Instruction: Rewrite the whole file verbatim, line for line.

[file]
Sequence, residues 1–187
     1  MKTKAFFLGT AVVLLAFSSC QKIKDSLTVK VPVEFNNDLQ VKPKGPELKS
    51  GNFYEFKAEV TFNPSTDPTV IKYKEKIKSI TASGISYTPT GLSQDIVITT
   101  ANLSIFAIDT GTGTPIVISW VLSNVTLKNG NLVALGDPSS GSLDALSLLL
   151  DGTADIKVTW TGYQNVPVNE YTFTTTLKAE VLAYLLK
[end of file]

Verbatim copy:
Sequence, residues 1–187
     1  MKTKAFFLGT AVVLLAFSSC QKIKDSLTVK VPVEFNNDLQ VKPKGPELKS
    51  GNFYEFKAEV TFNPSTDPTV IKYKEKIKSI TASGISYTPT GLSQDIVITT
   101  ANLSIFAIDT GTGTPIVISW VLSNVTLKNG NLVALGDPSS GSLDALSLLL
   151  DGTADIKVTW TGYQNVPVNE YTFTTTLKAE VLAYLLK